A simple calculation of these jubilees brings us to this important fact: Seventy jubilees of fifty years each would be a total of 3500 years. That period of time beginning 1575 before A.D. 1 of necessity would end in the fall of the year 1925, at which time the type ends and the great antitype must begin. What, then, should we expect to take place? In the type there must be a full restoration; therefore the great antitype must mark the beginning of restoration of all things. The chief thing to be restored is the human race to life; and since other Scriptures definitely fix the fact that there will be a resurrection of Abraham, Isaac, Jacob and other faithful ones of old, and that these will have the first favor, we may expect 1925 to witness the return of these faithful men of Israel from the condition of death, being resurrected and fully restored to perfect humanity and made the visible, legal representatives of the new order of things on earth. 21

Then Rutherford also adds:

As we have heretofore stated, the great jubilee cycle is due to begin in 1925. At that the time earthly phase of the kingdom shall be recognized. The Apostle Paul in the eleventh chapter of Hebrews names a long list of faithful men who died before the crucifixion of the Lord and before the beginning of the selection of the church. These can never be a part of the heavenly class; they had no heavenly hopes; but God has in store something good for them. They are to be resurrected as perfect men and constitute the princes or rulers in the earth, according to his promise .... Therefore we may confidently expect that 1925 will mark the return of Abraham, Isaac, Jacob and the faithful prophets of old, particularly those named by the Apostle in Hebrews chapter eleven, to the condition of human perfection.22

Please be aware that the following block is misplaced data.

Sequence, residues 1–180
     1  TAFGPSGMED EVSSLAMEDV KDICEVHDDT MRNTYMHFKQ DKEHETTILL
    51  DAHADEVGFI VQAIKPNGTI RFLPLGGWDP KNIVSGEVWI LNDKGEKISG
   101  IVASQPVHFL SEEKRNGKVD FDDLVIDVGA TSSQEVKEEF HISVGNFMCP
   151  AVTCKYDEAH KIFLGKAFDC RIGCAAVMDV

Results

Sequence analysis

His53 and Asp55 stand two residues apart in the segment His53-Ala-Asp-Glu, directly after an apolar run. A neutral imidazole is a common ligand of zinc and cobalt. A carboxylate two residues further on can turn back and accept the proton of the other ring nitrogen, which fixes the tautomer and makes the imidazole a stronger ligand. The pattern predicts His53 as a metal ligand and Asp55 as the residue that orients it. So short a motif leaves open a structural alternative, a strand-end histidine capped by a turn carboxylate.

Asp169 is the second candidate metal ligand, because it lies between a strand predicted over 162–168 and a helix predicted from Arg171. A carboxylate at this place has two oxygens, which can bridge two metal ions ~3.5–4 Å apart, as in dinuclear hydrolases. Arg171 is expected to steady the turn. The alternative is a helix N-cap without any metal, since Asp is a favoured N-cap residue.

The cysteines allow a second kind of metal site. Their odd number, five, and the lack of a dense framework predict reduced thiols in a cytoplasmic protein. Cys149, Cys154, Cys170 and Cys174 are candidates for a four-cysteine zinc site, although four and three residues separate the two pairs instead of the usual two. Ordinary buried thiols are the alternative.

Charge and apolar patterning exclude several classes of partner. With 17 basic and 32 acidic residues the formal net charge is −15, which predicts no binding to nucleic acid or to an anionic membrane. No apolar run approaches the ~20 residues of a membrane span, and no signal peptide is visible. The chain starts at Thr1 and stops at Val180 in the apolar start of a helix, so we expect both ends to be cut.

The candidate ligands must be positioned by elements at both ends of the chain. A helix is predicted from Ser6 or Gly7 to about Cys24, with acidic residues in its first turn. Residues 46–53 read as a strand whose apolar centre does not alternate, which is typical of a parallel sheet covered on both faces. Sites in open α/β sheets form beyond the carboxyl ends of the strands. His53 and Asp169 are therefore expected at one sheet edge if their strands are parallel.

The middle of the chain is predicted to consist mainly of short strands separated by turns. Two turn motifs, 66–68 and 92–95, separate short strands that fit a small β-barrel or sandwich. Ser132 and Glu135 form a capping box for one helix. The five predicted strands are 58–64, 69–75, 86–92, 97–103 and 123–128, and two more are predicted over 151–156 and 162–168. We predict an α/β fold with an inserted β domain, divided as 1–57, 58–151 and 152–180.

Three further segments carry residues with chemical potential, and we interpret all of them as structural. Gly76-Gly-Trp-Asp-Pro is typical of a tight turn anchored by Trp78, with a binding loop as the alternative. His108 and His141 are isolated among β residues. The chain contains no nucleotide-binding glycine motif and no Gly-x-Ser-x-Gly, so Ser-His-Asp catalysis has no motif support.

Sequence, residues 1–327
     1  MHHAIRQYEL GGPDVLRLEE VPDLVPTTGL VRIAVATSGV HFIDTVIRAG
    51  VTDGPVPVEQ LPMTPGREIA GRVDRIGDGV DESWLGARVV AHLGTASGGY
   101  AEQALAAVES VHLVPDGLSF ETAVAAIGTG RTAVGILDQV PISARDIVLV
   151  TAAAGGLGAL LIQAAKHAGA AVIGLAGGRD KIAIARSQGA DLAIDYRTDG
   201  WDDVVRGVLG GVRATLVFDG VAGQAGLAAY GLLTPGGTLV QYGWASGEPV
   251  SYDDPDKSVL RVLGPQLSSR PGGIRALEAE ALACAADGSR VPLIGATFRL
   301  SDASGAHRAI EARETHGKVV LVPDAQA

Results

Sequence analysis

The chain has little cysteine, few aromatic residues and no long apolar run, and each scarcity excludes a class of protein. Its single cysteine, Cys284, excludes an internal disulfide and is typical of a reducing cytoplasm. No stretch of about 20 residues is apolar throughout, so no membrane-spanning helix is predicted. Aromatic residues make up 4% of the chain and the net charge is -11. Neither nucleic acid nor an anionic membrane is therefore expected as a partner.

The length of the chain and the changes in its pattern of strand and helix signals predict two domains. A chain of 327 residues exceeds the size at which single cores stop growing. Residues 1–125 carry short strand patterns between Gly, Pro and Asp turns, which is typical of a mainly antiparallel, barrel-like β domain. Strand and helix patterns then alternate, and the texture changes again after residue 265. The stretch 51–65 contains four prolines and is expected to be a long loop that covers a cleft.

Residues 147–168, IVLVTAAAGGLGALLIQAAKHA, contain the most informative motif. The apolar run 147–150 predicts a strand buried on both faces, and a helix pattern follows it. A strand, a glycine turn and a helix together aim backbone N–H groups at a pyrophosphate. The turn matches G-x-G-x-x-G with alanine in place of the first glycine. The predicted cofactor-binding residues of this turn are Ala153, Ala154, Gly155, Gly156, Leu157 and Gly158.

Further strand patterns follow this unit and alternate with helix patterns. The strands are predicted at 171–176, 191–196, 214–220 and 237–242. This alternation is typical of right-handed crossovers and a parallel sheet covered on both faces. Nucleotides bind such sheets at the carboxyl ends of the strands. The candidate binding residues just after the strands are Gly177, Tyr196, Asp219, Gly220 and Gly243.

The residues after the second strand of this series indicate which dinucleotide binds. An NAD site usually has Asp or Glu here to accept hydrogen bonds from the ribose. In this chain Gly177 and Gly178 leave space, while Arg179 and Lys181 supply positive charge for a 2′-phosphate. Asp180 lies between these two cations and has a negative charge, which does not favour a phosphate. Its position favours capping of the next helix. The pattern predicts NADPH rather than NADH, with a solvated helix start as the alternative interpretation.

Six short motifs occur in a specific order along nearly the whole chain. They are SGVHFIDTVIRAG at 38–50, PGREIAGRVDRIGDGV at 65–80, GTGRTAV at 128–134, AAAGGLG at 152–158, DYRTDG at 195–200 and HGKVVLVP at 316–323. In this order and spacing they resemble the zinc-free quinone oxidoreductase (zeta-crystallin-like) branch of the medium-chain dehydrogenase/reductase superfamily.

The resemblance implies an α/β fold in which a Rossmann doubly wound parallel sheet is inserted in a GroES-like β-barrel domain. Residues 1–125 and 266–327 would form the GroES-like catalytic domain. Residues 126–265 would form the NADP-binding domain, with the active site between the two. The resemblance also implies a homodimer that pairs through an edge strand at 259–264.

Finally, the second Watch Tower president remarks dogmatically:

Based upon the argument heretofore set forth then, that the old order of things, the old world, is ending and is therefore passing away, and that the new order is coming in, and that 1925 shall mark the resurrection of the faithful worthies of old and the beginning of the reconstruction, it is reasonable to conclude that millions of people now on the earth will still be on the earth in 1925. Then, based upon the promise set forth in the divine Word, we must reach the positive and indisputable conclusion that millions now living will never die.23This, then, was the "grand message" that the Bible Students started to proclaim immediately following their "appointment" by God to their "new, lofty privilege of service" in 1919. Of course, this was supposedly under the direction of the Lord Jesus Christ. And this last concept is what the Watch Tower Society teaches today! So all loyal Jehovah's Witnesses are taught that they must accept what amount to the grossest falsehoods because they have been taught them by God's "slave," through his "channel." If they do not, they are charged with not showing "proper respect" to the "one organization" that Jehovah God is using in the earth today.